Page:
O&D is a transportation objective: given a person's starting location, it is a series of places to which he/she “wants” to go. It is the transportation part of a “trip,” reduced to its essential components. In the same sense that a pair of pants or a pair of scissors refers to one thing, so an O&D pair, sometimes called a “market pair,” refers to a single “thing”: the movement or planned movement of a person from one specific place to another.

O&D is expressed in terms of a point of origin (the departure locale) and a destination (the arrival locale). The universe of locales is identified by travel industry-standard codes for airports, cities, rail stations, bus terminals, and other such service locations.

The invention uses the itinerary 206, the fare calculation, and reference tables. The itinerary 206 consists of one or more travel segments. Each segment is considered separately and in the context of the whole itinerary 206. The flight segment consists of several data elements, including the ordinal number of the segment (first segment, second segment, etc.), the departure terminal code (airport, rail station, bus station, etc.), the departure date/time, the arrival terminal code, the arrival date/time, and the carrier code (airline, bus company, etc.). Other attributes of the flight segment are recorded by the invention, but are not used to determine O&D services. These attributes include the class of service and the fare basis.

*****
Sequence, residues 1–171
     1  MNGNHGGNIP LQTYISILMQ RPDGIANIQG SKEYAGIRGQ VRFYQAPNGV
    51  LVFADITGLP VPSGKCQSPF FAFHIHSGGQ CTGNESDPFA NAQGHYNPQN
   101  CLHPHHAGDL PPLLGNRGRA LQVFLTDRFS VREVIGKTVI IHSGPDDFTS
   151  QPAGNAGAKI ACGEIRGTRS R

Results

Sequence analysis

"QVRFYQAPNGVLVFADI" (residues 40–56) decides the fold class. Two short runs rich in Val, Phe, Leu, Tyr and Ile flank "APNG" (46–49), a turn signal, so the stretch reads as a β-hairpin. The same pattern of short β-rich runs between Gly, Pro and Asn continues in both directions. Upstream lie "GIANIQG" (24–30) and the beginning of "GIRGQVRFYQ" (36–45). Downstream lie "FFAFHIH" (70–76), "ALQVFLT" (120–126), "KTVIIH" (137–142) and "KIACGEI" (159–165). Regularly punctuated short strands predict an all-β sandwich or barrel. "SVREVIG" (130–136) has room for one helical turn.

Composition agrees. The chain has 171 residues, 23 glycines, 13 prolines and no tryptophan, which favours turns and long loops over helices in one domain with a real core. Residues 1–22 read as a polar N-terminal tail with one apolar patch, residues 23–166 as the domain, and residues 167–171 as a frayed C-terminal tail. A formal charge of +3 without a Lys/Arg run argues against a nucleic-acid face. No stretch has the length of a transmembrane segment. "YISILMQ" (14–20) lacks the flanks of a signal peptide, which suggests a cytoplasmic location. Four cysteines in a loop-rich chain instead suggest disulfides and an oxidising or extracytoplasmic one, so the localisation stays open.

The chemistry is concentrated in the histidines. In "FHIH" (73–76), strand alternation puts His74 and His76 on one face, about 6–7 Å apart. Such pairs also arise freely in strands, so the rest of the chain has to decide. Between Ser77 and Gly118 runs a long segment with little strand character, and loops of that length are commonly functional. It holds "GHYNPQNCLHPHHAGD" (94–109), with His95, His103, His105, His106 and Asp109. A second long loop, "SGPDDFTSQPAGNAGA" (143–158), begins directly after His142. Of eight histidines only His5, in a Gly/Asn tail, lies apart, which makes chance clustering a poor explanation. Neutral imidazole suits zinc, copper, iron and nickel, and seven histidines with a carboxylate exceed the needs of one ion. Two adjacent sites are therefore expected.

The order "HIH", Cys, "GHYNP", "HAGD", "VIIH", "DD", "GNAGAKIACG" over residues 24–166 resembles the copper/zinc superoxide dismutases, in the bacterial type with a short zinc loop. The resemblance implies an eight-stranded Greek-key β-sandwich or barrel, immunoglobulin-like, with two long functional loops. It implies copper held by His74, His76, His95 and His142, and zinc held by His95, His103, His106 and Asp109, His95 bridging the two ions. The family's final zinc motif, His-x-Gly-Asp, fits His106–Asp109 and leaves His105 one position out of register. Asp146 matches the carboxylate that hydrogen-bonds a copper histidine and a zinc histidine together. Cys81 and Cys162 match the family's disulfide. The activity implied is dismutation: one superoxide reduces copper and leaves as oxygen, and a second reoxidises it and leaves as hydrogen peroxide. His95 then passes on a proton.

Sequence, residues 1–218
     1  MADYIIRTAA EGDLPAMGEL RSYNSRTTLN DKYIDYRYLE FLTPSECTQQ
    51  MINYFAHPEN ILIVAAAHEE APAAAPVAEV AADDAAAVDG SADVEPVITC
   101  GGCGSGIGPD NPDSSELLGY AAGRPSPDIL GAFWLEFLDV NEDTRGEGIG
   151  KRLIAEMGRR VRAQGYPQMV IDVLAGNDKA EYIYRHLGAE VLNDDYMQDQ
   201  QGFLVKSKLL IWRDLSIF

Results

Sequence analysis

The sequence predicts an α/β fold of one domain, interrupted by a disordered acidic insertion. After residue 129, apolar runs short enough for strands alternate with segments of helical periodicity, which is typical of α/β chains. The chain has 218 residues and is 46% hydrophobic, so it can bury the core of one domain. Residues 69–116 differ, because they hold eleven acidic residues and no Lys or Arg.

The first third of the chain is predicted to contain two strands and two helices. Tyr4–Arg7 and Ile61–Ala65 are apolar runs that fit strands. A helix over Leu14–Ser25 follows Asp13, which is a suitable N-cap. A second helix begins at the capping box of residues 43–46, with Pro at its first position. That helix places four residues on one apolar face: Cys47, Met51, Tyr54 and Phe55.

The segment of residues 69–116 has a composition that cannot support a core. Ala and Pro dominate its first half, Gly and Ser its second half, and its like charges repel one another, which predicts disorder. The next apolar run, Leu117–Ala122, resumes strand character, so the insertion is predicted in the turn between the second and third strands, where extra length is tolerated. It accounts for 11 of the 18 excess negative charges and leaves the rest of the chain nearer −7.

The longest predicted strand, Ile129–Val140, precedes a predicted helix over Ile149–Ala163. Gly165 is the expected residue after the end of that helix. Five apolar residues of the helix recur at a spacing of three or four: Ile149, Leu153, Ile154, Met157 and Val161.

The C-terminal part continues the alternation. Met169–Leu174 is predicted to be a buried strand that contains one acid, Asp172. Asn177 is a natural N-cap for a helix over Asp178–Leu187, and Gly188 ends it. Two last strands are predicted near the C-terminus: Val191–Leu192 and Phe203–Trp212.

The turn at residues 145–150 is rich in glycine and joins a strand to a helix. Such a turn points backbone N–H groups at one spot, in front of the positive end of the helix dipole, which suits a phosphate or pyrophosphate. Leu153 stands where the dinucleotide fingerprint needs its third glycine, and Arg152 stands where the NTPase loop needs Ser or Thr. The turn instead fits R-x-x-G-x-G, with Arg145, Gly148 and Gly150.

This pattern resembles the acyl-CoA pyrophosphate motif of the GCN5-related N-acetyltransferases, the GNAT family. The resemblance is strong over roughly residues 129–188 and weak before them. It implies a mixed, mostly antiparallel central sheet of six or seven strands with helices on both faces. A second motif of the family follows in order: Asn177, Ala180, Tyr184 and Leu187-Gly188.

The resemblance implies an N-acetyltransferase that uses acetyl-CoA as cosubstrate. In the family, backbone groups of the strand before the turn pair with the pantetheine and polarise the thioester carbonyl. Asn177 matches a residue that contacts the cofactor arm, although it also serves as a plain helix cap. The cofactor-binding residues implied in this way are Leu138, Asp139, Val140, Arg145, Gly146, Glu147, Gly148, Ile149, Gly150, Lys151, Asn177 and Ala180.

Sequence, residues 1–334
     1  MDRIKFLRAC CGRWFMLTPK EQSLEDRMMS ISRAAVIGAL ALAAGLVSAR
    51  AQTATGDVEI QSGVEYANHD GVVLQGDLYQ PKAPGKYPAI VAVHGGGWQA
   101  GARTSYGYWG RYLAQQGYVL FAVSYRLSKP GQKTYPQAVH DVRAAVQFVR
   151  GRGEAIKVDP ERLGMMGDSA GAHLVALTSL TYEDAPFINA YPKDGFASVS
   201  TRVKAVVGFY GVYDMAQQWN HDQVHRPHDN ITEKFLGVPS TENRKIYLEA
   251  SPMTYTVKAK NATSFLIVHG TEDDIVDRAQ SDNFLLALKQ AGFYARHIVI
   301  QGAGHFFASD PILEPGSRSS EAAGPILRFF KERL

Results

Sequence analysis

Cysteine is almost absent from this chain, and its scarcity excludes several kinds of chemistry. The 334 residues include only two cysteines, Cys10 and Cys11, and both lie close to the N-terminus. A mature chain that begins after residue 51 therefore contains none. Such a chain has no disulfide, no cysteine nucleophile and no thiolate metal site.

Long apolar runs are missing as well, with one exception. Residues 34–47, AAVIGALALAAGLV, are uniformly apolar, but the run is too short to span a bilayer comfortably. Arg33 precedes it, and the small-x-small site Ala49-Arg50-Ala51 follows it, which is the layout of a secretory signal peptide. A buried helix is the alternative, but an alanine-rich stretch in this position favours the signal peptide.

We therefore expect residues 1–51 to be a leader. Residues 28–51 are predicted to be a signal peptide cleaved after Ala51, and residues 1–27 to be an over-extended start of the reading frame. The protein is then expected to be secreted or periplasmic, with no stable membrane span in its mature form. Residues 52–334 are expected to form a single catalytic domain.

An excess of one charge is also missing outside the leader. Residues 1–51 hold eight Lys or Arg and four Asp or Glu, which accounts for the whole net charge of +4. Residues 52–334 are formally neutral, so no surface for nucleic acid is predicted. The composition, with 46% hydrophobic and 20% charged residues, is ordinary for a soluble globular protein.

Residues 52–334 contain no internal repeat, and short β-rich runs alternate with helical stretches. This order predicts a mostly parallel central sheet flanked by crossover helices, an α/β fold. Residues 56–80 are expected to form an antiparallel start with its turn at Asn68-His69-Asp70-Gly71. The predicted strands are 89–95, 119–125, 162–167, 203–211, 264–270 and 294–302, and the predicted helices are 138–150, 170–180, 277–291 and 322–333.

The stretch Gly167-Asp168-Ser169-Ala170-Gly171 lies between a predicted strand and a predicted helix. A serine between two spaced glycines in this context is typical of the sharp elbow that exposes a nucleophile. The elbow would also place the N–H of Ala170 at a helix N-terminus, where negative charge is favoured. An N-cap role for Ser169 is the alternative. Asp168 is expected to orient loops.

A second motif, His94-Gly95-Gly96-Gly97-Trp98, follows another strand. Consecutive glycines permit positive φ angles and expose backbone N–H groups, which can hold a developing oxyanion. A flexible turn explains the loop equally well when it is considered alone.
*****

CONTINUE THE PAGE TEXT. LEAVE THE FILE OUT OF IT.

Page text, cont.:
The fare calculation provides a record of the calculations used to apply a fare to a ticket. The invention only uses the segment connection indicators (X's and O's). Additionally, after O&D services have been determined, the invention uses the “leg” fare, the total cost of the itinerary 206, the total base fare of the itinerary 206, and the total tax amount of the itinerary 206.

The invention depends upon information from references that are external to the itinerary 206. All but one reference come from recognized standard sources. Country groups (see below) are user-defined information. The external references include the “co-terminal” status of successive cities in the itinerary 206, the country of every point in the itinerary 206, the country group of every country in the itinerary 206, and the distance among the various points in the itinerary 206.

Referring first to FIG. 1, a flow chart illustrates the main steps of a preferred embodiment of the method of the invention in which O&D services are determined for the travel itinerary 206. The system 200 consists broadly of the following steps. After the itinerary 206 is read at 102, the itinerary 206 is qualified according to itinerary assumptions (described below) at 104. If the itinerary 206 conforms to these assumptions, then the itinerary 206 is a candidate for O&D analysis. Otherwise, the system 200 halts any further processing of the itinerary 206 at 106.